Up until about six months ago, Tim Barfield worked 60 hours a week at an asphalt company. But then the 49-year-old’s boss went bankrupt — leaving him penniless.
“Down to nothing. Now some of the people I used to know tell me I can’t come to their house,” Barfield continued. “They’re afraid I’m [going to] steal something.” he explained to FOX40.
Barfield is now among the 14,000 to 16,000 homeless in Stockton, California, living in an ad hoc community of clutter and makeshift shelters under the city’s I-5 freeway. Barfield remains unemployed and adding to his financial burden is the fact that his girlfriend, whom he is living with, is pregnant and expecting in just six months.
However, things may change for Barfield, who recently had the ear of an unlikely audience: Stockton’s mayor, Anthony Silva.
While spending a night among his city’s homeless, Mayor Silva listened to Barfield’s story.
What was the mayor doing spending the night outdoors? Trying to better understand the underserved residents of his city, he explained.
“It’s shocking and it’s absolutely awful,” Silva told the Record Net. “This is not a second- or third-world country. It’s Stockton, California, and it’s a shame that we, as a community, have let things get this bad.”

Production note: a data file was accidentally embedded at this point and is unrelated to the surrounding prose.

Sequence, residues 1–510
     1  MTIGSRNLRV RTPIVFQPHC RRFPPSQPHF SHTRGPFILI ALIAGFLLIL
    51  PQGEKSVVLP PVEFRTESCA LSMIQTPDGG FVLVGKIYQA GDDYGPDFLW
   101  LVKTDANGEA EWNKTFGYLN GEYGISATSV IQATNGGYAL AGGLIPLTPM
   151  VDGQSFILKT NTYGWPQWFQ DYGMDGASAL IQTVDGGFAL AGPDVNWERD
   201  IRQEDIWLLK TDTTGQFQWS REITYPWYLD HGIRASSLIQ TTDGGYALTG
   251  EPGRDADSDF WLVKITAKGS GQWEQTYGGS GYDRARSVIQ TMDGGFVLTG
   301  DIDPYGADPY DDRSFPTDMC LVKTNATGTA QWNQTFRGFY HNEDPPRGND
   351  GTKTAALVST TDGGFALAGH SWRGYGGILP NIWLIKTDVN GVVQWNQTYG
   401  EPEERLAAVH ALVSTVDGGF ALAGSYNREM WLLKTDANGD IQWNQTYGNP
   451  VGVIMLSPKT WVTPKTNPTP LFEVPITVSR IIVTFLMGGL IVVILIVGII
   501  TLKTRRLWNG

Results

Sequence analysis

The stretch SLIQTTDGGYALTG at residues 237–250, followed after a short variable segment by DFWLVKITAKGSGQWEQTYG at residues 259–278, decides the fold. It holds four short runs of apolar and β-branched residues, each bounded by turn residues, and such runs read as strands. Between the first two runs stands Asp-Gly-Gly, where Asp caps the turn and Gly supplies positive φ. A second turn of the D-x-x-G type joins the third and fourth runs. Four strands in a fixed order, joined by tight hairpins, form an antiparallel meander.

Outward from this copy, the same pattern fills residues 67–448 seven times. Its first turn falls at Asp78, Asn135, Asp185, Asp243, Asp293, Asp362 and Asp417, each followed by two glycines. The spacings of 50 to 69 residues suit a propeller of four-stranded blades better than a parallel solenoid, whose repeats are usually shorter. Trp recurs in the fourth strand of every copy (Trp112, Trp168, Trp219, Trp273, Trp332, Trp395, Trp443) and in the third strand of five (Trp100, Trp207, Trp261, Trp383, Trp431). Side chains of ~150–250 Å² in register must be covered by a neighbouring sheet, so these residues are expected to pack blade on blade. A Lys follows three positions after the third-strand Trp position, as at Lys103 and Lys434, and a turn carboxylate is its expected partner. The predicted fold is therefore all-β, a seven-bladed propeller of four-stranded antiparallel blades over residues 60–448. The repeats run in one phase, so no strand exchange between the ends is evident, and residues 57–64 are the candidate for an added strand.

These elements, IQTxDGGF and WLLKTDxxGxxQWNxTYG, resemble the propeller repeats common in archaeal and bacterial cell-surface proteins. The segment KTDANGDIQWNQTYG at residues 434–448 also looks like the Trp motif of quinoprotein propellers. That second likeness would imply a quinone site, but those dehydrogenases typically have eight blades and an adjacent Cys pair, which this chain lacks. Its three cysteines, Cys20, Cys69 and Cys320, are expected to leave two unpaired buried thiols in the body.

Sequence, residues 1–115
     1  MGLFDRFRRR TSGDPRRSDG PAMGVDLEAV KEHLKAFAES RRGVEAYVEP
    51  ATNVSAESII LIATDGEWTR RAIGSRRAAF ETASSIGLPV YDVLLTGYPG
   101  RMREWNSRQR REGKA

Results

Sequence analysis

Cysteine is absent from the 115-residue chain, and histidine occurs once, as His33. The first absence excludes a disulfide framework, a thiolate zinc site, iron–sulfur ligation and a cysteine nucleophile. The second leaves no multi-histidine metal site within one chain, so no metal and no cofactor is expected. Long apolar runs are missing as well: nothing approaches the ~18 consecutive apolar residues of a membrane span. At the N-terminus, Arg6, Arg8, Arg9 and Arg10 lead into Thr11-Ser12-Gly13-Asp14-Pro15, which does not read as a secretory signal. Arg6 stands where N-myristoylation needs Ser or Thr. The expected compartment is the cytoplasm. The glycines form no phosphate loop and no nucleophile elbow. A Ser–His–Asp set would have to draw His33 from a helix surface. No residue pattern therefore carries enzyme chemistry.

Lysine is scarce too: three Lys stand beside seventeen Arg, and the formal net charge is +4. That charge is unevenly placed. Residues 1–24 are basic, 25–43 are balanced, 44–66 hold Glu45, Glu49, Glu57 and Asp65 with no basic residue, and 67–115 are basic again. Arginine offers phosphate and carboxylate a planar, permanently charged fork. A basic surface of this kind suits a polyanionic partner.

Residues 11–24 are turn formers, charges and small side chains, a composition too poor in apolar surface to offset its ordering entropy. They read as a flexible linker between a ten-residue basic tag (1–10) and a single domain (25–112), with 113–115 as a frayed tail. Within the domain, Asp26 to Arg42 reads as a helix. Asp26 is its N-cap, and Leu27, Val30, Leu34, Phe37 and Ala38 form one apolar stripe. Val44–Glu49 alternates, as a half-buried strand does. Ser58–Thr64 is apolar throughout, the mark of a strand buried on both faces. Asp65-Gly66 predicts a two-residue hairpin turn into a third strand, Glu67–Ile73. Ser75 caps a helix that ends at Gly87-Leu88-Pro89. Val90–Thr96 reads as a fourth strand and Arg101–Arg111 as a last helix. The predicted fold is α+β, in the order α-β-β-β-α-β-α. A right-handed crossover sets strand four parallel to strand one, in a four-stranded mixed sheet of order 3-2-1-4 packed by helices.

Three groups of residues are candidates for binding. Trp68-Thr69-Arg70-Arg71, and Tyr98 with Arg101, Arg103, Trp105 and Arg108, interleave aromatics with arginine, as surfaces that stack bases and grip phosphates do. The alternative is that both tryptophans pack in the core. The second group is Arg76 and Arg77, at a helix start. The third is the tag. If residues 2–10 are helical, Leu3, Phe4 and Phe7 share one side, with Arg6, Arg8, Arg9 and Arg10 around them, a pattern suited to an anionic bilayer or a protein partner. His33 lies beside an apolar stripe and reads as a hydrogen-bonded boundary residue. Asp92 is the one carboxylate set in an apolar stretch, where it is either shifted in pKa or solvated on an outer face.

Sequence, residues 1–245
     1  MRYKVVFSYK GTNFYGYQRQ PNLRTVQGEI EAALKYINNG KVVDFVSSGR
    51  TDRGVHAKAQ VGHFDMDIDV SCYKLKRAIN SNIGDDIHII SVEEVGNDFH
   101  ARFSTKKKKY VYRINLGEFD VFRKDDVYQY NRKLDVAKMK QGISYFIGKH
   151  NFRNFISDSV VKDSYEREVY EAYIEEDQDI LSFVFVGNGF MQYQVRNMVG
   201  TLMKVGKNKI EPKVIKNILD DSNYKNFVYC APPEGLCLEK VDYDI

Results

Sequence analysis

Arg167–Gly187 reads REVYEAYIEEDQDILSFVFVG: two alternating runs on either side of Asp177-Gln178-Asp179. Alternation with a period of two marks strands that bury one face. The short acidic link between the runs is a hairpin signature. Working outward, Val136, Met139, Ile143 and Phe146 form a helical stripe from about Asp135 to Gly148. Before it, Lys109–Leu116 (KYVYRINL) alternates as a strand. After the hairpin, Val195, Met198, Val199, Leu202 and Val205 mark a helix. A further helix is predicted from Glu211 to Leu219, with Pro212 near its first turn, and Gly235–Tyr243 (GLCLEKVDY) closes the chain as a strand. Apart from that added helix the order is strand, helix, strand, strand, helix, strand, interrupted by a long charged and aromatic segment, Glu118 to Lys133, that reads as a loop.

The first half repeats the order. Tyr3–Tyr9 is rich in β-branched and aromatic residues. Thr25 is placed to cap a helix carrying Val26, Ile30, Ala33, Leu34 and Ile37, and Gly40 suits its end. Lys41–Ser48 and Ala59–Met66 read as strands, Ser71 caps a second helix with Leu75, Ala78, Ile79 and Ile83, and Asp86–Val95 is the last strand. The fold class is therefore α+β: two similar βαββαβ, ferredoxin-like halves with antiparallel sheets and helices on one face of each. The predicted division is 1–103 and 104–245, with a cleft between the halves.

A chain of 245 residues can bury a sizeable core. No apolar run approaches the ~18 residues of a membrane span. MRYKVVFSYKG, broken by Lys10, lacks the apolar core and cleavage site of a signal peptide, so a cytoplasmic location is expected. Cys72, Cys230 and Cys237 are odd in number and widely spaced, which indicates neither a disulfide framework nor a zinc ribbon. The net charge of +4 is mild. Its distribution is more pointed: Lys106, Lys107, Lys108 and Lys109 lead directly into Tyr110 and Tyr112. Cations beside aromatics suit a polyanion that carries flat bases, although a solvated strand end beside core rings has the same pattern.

For his night outside, Silva constructed a cardboard shelter duct-taped together and tucked between a garbage can and a fence, where he spent the night with two pillows, a sleeping bag and a bottle of hand sanitizer.
Silva, who is teaming up with Christian organization Inner City Action to form the Homeless Commission, has unveiled a plan to create a resource center for homeless people to access computers and develop job training skills.
“I’m working with a couple developers who are interested in ponying up a little money, possibly buying a warehouse, and letting a nonprofit like Inner City Action slowly take it over so homeless folks can get job training skills,” Silva said. “If they have two arms and two legs and they’re capable of working and they want to work, we can get them those job training skills.”
The mayor also met with several other families about possibly forming a tent city.
“I’ve hit the bottom of the barrel and I didn’t know how I was [going to] climb out,” Silva said. “And that’s kind of how Stockton is right now with being bankrupt and not having enough jobs and a big homeless population.”
As for Barfield, his meeting with the mayor may yield a chance at another job. Silva told the Record Net he plans to help Barfield find work in construction.
While Stockton is certainly not the only city with a rising homeless population, recognizing it is an important step in finding a resolution and helping the unheard.
“We all need a chance,” said Barfield.